So you thought you'd broken the ice with that quick chat over coffee this morning with the new hire – but your wristband has buzzed and now the human resources manager wants you to call them urgently. You've been too assertive, they warn. Could you mind your tone with the junior departmental staff? You frown. A fresh blip on your wrist notes that your energy and positivity have just slumped. That will be recorded, too, you note. Two more slumps and you'll be hauled in for a quiet chat. Nobody wants a grump.
Emotional monitoring and behavioural policing in the office sound like something from Brave New World. Aldous Huxley's novel was a satire of HG Wells's vision of a managed, technocratic socialist utopia, where an individual's emotions are regulated for the population's general wellbeing. But for the technology industry it's a bold new frontier, and will arrive in the office sooner than many realise, threatening to turn the workplace into a "wokeplace".
Deloitte's in-house magazine urges management to examine the potential of "a behaviour-trainer device" which "might also feed the user a personalised check-in or intervention at the moment a certain emotional response has been registered, helping to develop individualised tools for self-regulation and control". This is not your average Fitbit.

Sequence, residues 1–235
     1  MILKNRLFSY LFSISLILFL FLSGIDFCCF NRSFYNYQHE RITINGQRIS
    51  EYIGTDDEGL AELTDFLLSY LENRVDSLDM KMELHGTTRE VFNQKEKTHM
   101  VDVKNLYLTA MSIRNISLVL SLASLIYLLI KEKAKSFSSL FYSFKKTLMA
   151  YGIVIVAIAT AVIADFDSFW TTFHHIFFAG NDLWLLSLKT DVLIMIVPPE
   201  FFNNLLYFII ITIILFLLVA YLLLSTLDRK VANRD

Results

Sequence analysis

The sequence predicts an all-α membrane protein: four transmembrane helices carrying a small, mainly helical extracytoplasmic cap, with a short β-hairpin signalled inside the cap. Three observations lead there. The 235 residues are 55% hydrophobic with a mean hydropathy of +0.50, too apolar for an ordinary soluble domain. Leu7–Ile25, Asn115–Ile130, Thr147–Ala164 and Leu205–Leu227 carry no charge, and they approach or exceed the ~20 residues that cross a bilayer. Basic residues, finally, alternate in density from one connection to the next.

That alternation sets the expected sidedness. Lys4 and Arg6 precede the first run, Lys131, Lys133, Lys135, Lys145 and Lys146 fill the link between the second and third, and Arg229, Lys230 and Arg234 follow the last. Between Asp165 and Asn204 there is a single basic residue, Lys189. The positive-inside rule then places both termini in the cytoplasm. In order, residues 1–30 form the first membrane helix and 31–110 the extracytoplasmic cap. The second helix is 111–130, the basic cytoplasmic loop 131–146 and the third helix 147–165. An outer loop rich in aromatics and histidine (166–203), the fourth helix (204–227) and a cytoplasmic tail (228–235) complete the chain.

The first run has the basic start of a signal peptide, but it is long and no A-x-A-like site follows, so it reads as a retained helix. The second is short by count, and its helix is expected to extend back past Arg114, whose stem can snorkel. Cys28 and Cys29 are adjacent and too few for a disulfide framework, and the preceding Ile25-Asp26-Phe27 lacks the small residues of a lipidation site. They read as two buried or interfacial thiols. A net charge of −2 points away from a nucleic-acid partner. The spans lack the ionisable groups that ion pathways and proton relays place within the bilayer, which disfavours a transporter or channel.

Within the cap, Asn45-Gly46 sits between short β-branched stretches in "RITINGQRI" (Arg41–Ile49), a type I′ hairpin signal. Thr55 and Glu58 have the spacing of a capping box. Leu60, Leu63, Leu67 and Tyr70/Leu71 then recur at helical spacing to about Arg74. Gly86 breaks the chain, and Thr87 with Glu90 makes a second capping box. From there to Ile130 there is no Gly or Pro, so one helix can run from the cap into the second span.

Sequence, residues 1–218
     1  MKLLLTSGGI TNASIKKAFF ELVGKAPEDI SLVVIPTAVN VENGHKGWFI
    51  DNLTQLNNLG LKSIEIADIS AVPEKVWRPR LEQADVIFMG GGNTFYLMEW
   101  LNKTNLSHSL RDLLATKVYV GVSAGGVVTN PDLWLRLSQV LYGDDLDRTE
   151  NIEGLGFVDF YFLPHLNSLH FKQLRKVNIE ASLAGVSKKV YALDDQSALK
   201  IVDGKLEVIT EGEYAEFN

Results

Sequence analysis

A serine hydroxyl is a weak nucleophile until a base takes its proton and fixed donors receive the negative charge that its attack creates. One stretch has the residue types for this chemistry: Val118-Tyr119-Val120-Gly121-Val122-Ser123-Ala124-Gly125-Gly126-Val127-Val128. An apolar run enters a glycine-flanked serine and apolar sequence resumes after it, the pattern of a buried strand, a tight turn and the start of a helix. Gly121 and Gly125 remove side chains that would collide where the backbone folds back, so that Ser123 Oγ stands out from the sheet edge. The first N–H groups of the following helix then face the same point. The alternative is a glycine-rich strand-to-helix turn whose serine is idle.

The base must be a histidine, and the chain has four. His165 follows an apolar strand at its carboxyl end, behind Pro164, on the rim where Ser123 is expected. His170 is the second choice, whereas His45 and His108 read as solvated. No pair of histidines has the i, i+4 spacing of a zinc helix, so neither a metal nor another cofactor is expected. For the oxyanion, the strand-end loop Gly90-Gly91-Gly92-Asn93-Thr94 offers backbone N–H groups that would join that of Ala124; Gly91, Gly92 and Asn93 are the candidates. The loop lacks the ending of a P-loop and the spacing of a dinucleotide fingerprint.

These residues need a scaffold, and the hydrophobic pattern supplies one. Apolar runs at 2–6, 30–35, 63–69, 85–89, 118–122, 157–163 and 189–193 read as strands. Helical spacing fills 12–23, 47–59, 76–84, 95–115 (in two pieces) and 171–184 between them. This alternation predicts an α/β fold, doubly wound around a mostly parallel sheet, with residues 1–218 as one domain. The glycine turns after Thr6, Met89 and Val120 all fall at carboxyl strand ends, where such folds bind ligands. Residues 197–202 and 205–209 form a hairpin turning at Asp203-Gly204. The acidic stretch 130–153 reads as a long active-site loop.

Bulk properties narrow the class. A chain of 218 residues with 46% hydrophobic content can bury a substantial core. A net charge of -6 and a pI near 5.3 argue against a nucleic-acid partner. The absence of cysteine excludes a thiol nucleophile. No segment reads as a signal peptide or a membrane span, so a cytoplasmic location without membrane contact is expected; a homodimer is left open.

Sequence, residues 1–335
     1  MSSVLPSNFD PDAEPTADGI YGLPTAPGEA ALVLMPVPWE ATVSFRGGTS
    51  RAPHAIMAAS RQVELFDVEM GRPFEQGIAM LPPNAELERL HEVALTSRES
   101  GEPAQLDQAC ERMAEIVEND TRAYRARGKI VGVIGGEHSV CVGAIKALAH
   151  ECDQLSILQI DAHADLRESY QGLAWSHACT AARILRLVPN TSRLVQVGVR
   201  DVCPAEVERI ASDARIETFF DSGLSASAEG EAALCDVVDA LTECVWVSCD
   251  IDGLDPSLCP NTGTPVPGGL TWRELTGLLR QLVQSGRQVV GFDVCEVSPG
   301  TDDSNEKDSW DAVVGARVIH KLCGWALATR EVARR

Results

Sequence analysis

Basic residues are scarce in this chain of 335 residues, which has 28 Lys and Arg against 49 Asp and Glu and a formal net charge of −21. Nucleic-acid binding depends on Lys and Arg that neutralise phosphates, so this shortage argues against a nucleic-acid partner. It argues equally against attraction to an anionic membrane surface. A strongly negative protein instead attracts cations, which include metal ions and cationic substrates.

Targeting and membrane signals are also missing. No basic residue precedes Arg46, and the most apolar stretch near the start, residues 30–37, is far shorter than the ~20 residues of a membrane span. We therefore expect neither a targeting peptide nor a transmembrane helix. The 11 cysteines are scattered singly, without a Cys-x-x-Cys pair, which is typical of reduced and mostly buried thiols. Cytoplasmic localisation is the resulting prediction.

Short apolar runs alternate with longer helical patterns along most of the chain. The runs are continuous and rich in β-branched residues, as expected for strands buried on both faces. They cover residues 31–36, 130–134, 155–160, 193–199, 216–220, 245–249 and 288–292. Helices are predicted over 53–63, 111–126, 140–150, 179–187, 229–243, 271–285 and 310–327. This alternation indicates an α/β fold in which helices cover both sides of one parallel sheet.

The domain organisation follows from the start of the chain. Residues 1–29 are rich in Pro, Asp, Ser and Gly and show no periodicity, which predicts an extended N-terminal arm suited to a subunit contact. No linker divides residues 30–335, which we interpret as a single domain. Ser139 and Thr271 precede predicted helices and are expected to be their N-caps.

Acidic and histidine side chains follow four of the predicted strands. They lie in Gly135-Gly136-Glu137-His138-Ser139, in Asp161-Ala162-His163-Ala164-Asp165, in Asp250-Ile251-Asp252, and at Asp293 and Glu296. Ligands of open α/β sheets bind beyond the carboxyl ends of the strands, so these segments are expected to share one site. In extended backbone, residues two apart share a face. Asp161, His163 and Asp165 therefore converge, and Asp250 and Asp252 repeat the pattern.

Watch your tone
Interest in this emerging technology has been accelerated by a year of working from home. "WFH" was initially celebrated as liberating for the employee, but for many it's become "living at work".
Hull-based Moodbeam calls its wearable "a lifeline for businesses". Wearers press one of two buttons to tell their boss their emotional state. But that's primitive compared to what Amazon, flush from the success of Alexa, has planned.
Amazon's ambitions reflect Silicon Valley's huge investment in artificial intelligence, big data analysis, and decades of research into what's called "affective computing" – detecting emotions by computer. Late last year, Amazon introduced its first Fitbit-style fitness wearable, Halo, in America. Halo infers your emotional state, but also goes quite a bit further. It polices your tone, too. If the Halo's algorithm judges you're being too assertive, it gives you a ticking off.